Did You Know…? English wine.

Christopher Merrett

In the Cotswold town of Winchcombe there is a plaque which marks the occasion when an Englishman probably became the first person to record the existence of a phenomenon we now take for granted – sparkling wine. It was Christopher Merrett – a scientist, physician, naturalist and metallurgist, who in 1662, first documented the existence of bubbles in an alcoholic beverage.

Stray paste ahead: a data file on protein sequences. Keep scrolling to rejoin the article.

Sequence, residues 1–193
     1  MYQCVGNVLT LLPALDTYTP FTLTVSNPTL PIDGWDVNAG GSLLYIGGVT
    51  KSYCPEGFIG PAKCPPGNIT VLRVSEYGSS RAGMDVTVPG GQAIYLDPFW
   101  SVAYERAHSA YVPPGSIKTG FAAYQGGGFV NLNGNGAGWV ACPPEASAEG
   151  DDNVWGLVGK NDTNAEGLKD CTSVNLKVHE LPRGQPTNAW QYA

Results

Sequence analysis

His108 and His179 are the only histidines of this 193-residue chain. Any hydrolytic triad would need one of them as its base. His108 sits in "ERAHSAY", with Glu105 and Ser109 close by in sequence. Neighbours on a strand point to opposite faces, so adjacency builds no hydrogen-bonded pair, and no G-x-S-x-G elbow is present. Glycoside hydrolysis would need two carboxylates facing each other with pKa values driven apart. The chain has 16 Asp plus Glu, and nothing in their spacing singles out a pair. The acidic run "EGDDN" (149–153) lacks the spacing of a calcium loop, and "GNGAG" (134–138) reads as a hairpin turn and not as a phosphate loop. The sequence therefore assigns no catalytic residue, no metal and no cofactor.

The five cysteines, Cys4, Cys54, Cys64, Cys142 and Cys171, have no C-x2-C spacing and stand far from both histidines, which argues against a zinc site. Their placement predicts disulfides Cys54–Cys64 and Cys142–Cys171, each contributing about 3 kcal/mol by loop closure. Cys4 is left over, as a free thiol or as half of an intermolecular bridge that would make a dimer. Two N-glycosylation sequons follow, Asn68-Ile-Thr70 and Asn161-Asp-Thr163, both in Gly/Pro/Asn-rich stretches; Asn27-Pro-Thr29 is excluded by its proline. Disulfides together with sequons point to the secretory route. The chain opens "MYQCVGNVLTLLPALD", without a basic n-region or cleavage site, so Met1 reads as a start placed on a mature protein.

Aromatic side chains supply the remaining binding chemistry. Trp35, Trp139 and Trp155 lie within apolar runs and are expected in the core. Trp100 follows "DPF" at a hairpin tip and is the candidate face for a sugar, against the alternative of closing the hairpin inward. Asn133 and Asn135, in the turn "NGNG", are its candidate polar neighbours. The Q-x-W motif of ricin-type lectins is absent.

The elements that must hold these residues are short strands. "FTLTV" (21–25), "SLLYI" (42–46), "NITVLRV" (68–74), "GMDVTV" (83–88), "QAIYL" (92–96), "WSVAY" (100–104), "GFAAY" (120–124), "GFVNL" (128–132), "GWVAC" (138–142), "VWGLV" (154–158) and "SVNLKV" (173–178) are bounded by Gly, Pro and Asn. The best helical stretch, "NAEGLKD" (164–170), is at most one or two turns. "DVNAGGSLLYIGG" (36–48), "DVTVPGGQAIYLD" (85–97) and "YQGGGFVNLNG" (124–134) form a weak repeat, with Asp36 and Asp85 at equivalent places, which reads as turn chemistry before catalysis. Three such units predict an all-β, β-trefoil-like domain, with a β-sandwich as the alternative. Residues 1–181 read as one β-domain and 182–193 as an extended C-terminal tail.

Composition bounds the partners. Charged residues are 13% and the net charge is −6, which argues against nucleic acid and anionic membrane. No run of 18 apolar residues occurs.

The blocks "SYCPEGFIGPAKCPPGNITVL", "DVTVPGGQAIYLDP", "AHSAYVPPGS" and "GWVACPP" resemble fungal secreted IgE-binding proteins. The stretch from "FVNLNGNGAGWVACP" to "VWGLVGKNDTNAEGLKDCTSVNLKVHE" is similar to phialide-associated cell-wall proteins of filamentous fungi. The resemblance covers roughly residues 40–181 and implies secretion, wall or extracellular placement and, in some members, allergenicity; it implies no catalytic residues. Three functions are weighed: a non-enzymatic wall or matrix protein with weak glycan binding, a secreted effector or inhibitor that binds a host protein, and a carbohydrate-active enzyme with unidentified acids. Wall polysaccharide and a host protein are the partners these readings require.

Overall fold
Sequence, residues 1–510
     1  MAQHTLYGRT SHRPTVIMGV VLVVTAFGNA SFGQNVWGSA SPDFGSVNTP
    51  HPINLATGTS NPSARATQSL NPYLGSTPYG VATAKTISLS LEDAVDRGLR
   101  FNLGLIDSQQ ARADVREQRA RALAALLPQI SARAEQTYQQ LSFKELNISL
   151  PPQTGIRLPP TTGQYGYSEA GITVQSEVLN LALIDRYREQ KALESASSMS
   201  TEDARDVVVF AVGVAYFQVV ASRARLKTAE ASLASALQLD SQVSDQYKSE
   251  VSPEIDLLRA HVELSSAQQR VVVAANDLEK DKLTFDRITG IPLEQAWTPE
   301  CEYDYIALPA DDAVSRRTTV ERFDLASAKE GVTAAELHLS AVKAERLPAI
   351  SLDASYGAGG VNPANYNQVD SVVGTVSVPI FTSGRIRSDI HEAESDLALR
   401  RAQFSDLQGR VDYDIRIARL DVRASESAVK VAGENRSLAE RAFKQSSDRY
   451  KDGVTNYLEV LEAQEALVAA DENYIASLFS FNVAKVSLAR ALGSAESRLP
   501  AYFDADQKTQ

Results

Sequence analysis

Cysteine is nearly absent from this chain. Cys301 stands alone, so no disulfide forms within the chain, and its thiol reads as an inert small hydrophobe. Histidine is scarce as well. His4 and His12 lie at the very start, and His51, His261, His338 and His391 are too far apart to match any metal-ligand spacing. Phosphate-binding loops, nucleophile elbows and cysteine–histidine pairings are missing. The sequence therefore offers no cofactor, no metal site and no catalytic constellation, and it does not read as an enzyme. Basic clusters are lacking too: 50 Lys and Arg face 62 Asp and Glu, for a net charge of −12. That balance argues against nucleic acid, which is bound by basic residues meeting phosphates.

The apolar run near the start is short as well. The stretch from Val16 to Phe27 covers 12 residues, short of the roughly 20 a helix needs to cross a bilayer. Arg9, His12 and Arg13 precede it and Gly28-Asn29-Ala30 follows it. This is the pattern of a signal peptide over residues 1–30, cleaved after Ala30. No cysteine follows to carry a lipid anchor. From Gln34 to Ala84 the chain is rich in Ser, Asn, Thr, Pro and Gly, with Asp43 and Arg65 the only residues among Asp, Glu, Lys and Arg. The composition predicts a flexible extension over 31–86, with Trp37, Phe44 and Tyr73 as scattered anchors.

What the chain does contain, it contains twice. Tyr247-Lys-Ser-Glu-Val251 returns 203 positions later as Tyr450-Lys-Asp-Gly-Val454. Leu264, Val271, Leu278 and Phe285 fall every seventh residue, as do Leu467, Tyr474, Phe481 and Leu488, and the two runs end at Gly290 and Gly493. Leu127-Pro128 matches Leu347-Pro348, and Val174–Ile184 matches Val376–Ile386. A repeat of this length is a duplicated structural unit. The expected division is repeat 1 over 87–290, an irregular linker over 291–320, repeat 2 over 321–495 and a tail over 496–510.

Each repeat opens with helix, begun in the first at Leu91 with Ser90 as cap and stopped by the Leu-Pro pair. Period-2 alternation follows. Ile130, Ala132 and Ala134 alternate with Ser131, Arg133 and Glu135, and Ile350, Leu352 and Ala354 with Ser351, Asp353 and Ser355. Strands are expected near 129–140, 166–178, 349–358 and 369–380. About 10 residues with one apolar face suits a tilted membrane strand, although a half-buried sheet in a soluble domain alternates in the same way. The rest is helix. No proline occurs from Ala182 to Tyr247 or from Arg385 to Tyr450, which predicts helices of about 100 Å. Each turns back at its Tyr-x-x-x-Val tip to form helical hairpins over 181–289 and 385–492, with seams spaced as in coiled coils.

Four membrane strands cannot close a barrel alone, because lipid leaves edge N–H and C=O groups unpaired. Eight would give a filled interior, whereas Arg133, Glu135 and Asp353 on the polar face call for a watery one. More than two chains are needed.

In a paper presented to the newly formed Royal Society, Merrett described how English winemakers had been adding sugar to wines to give them a refreshing, sparkling quality – 30 years before a certain, very famous, monk in France’s Champagne region. “It was the first time anyone had described the process or used the word “sparkling” to describe the end product”, Winchcombe historian Jean Bray has recorded. “Our wine coopers of recent times use vast quantities of sugar and molasses to all sorts of wines to make them drink brisk and sparkling and to give them spirit” Merrett wrote. The irony today, possibly, is that English sparkling wine is now the finest it has ever been, and may in time start to challenge Champagne in terms of quality as well as style.

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